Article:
Baby greens, micro-greens, or spring greens are now available at farmers' markets, co-ops and your grocer's produce aisle (or, perhaps, even in your own backyard garden plot). Delicate in texture but rich in flavor, these nutritious little leafies are just waiting for you to craft an appetizing array of satisfying spring salads. Though a spring mix is lovely dressed simply with a light vinaigrette, baby greens are fabulous when tossed with fresh fruit, chunks of gourmet cheese and toasted nuts.
Boasting its stately red stalks of addictive tart flavor, the spring crop of rhubarb is ready for the classic rhubarb strawberry pie or jam and more inventive recipes, such as rhubarb muffins, chutney and drinks. Despite being an often overlooked culinary gem, rhubarb also provides a number of nutritional benefits. Low in sugar and calories (a mere 25 calories per cup), rhubarb is a rich source of vitamin K (a whopping 45 percent of the Daily Value), vitamin C, manganese, calcium and potassium. In addition, rhubarb has been shown to fight cancer, lower blood pressure, and help relieve indigestion.
Herbs add an unparalleled freshness to every dish they grace. Best yet, herbs are leafy green powerhouses of nutrition, fighting everything from cancer and heart disease to promoting respiratory function and reducing inflammation. The tasty variety of fresh herbs give you near endless culinary potential, from salads and soups to drinks and desserts. Add tarragon to vinaigrettes and quinoa sides, stir thyme into your next blueberry pie, and substitute basil for a refreshingly unique mojito-inspired drink. Experiment with new herbs and even try your hand at growing your own.
Time to head to your farmers' market for fresh peas, those gorgeous pods of natural sweetness, vitamin A, vitamin C, folate, iron, phosphorus, fiber and protein. Green peas are second only to lima beans as a fresh vegetable source of protein, making them ideal for vegan and vegetarian diets. Blanch fresh peas and add to green salads and rice dishes, add to pasta (along with prosciutto for an extra special treat), or puree into a warm or chilled pea soup. Since peas are most flavorful right after picking, eat right away or freeze for later in the season.
Asparagus is a much-anticipated harbinger of spring, sporting its deep green color and purple tips, giving home chefs and professional chefs a veggie to celebrate. These flavorful spears can be cooked until tender on the grill, roasted in the oven, chopped into risotto and spring salads, and tossed in pasta, grain salads and stir-fry. And no matter how you cook them, asparagus is considered one of the leading suppliers of folic acid, a vital nutrient for moms-to-be.
Not only are artichokes fun to peel and eat (or fill with flavorful ingredients), they also deliver a bevy of essential health-promoting nutrients. A study from researchers at the United States Department of Agriculture (USDA) found that artichokes rank seventh in total antioxidant capacity per serving; that means these ornamental-looking vegetables rival other superfoods, such as broccoli and spinach, in fighting cancer and heart disease as well as boosting the immune system.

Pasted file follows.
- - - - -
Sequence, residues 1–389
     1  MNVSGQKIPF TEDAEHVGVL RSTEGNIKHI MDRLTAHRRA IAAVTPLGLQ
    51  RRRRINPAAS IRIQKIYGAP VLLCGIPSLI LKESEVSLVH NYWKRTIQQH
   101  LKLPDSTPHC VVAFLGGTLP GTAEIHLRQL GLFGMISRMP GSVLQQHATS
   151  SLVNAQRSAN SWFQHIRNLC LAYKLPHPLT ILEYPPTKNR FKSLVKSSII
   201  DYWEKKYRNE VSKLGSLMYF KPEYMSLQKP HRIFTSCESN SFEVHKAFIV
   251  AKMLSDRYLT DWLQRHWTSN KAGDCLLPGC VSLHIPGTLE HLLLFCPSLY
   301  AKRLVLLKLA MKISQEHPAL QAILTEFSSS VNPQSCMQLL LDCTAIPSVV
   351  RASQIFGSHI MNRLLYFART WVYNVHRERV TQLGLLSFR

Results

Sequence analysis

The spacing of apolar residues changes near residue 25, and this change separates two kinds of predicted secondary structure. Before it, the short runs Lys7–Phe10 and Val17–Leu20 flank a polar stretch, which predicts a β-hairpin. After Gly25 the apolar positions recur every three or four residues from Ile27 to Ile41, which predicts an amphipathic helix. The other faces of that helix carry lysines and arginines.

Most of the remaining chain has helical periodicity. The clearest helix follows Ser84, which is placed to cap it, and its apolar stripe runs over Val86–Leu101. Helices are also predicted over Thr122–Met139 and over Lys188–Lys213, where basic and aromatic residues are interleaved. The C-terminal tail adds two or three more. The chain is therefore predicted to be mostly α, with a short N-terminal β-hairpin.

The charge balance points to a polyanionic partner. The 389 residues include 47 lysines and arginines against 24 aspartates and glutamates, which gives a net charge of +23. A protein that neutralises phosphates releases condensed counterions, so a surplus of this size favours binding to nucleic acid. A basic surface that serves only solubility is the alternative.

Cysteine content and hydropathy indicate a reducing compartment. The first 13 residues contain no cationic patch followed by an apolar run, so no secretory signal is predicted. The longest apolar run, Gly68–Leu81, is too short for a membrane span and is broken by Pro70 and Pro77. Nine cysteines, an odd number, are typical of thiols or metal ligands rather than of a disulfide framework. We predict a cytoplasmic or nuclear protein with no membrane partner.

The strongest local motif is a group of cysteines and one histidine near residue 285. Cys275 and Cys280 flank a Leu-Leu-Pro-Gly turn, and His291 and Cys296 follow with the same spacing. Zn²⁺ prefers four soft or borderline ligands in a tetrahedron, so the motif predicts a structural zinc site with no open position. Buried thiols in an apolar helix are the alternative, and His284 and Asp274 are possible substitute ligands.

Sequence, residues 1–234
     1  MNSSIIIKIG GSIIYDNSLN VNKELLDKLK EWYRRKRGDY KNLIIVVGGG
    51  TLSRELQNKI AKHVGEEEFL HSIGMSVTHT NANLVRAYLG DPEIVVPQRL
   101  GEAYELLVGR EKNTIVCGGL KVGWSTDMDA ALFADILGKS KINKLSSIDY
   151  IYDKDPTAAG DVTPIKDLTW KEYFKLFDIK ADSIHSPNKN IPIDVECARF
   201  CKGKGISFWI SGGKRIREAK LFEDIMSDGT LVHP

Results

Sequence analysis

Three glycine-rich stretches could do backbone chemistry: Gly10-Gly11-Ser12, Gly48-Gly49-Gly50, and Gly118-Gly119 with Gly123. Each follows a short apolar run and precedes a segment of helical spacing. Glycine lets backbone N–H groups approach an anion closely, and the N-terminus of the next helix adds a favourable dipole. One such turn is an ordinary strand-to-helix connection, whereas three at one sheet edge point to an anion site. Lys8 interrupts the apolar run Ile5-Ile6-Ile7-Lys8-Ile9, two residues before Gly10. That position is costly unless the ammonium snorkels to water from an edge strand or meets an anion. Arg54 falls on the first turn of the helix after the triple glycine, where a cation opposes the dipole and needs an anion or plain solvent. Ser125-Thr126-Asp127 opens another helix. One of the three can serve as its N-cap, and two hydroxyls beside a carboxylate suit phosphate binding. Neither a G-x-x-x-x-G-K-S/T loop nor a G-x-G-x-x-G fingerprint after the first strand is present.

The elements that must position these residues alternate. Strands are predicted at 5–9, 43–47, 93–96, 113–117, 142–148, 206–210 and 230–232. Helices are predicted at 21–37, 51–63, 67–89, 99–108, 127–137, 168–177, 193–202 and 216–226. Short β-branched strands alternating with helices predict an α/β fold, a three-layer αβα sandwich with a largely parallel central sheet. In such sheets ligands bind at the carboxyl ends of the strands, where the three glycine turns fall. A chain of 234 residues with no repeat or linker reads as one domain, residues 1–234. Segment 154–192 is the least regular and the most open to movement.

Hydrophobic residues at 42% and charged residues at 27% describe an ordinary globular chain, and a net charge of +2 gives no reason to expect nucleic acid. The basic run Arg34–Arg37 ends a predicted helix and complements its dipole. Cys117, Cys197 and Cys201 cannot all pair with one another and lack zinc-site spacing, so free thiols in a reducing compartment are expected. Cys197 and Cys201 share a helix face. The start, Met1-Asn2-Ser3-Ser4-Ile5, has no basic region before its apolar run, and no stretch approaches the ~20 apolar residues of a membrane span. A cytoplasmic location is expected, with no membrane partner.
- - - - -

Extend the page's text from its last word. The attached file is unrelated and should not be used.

Peaking in late spring, this low-calorie fruit (yes, squash is botanically a fruit) can be peeled into strips for a stir-fry, grated into pasta, or diced and sauteed for any number of healthy side dishes. You can also shred this spring and summer favorite into a zucchini muffin, bread or an amazing bundt cake recipe.
California produces over 95 percent of the nation's apricots and boasts numerous fruit farms. If you live or are visiting in California, you can even find orchards to pick your own. Generally, apricots are in season from May to August. Chockfull of lycopene, vitamin A and other cancer-fighting phytochemicals, apricots can be included in both sweet and savory recipes or simply noshed as a healthy snack.
Red, juicy, delicious strawberries are one of the healthiest fruits you can sink your teeth into. These much-loved berries are rich in antioxidants and other essential nutrients that can flavorfully help you reduce your risk of cancer, heart disease, inflammatory diseases, and birth defects as well as mouthwateringly manage your weight. Add them to your morning bowl of cereal, green or fruit salads, and luscious desserts (dark chocolate dipped strawberries anyone?) or simply pop them in your mouth as a low-calorie nibble.
Sweet, juicy watermelon is a quintessential all-American fruit that is usually eaten plain in all its luscious glory or with a simple sprinkle of salt. This typically red-fleshed melon (yellow-fleshed watermelons are fun for a change) is ripe with cancer-fighting lycopene, very low in calories, and ultra-versatile in the kitchen. You can juice it, dice it, slice it, or use a melon baller for eye-catching orbs of yummy melon flavor. Add watermelon to fruit salads or salsa, puree into smoothies, slice and warm on the grill, or feature it in a frosty sweet dessert.
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